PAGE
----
When did you first realize you wanted to be a writer?
I am a writer. I have always been a story-teller. It’s a family tradition. I remember my grandmother as
the queen of pithy comments who served putdowns at her Sunday dinners, along with her pot roast.
Grandma never swore. It wasn’t ladylike, but insulting someone’s intelligence, morality, behavior,
manners and children or mate was an art form. Grandma ran the Pine Tree Tavern below First Avenue
in downtown Seattle, a very unsavory part of the city. She kept a “cuss jar” for her clientele. Funds
collected from the foul language paid for the annual Thanksgiving dinner and Christmas party at the
bar, while the leftover money went to Children’s Hospital in Seattle.
I started writing down Grandma’s stories as a young teen although I knew nothing about the techniques
or mechanics of what would become my passion. Most listeners, my parents, my aunts, uncles, cousins
squirmed at her turn of a phrase. I always admired Grandma’s use of language. When I graduated from
high school, I was determined to be a writer. My creative writing teacher had told me I had talent and
suggested college. I came from a poor, single-parent household, and higher education wasn’t possible.
No one in our extended family had ever attended college. The girls got married and the boys went to
Grandma’s love of language was the legacy she passed on to me. As she told me more than once,
“Your words have power. Use it wisely. Don’t shout when a whisper will do.” So, when I chose a pen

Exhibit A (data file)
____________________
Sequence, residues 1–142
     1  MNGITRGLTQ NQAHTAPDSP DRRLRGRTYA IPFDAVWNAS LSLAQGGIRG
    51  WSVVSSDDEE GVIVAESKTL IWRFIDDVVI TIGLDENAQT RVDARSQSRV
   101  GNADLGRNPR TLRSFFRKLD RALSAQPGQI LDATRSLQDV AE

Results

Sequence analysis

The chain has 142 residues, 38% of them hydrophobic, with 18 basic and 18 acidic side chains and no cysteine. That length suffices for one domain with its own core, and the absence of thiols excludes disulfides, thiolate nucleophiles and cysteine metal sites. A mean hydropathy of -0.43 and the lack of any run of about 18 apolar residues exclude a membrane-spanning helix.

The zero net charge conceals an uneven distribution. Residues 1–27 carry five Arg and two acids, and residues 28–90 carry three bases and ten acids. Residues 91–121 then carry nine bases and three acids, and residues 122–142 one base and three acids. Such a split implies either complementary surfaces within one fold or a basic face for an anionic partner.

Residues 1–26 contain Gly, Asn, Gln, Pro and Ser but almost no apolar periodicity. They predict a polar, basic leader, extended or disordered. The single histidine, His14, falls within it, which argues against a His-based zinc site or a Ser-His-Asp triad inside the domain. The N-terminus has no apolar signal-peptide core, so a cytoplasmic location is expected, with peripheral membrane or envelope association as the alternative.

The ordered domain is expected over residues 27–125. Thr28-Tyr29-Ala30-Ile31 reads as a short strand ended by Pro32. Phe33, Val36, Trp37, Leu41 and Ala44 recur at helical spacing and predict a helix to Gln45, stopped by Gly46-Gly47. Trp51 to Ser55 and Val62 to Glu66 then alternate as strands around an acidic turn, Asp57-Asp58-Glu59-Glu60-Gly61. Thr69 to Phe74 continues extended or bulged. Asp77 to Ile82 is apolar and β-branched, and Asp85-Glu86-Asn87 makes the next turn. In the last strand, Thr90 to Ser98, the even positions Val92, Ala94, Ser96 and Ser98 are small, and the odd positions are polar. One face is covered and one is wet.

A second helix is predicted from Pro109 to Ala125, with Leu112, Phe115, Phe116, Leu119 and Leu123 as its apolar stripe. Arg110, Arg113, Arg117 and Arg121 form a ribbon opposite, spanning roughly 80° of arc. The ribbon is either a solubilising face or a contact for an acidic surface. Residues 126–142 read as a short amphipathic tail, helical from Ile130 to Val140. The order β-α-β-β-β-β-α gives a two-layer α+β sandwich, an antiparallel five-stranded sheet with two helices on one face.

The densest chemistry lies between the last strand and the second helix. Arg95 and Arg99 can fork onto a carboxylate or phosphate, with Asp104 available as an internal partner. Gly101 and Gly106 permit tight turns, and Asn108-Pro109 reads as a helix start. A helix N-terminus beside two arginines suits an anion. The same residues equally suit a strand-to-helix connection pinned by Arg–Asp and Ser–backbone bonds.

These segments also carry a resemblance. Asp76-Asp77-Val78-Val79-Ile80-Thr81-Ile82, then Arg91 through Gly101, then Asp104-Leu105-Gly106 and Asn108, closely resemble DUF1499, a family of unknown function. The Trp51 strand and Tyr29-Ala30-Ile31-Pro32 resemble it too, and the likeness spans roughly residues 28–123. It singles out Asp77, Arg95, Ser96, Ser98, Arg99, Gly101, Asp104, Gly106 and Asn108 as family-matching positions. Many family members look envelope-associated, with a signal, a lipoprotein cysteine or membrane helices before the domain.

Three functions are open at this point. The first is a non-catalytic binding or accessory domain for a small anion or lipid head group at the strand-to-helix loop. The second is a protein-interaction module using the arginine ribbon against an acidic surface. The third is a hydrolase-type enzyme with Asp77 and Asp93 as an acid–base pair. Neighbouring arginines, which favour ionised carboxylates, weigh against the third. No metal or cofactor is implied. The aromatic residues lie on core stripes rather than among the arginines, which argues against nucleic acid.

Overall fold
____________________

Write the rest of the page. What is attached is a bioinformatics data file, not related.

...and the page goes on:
name for my romances, I opted for part of hers as a tribute. Josie Malone. When people ask what I do, I
say, “I’m a writer. Telling stories is a family tradition. I just write down mine.”
How long does it take you to write a book?
It depends on the book. Usually, six months to a year and sometimes longer. When it’s right, it’s right.
Again, being published makes this a bit different for me. When it’s ready, I send my work to my
publishers. I have teen beta readers who tell me when my characters don’t sound real, and I trust their
judgment. If they think a “kid wouldn’t do that” – then I fix the book, so the heroine or hero seems
authentic. Pretty much, my editors and publishers are the first people to see my polished books. When I
get my “first,” “second” and “third” round edits, I consider what my editors say – they want the same
thing I do – to have the best book possible. I fix the book. With 21 books (between my paranormal
romance Josie novels and my YA series) I find that each book gets better. It doesn’t mean I don’t make
mistakes. During the editing of Family Skeletons, I discovered with some tactful help from my editor
and critique group that I’d neglected to have a “blackest moment” in the story. Oops, guess I’m not
perfect after all!
What was one of the most surprising things you learned in creating your books?
“Moving on doesn’t mean forgetting,” is the theme of Family Skeletons and I learned that when I was reading
various chapters to my critique group. Because of the pandemic we had to meet on Zoom and I hadn’t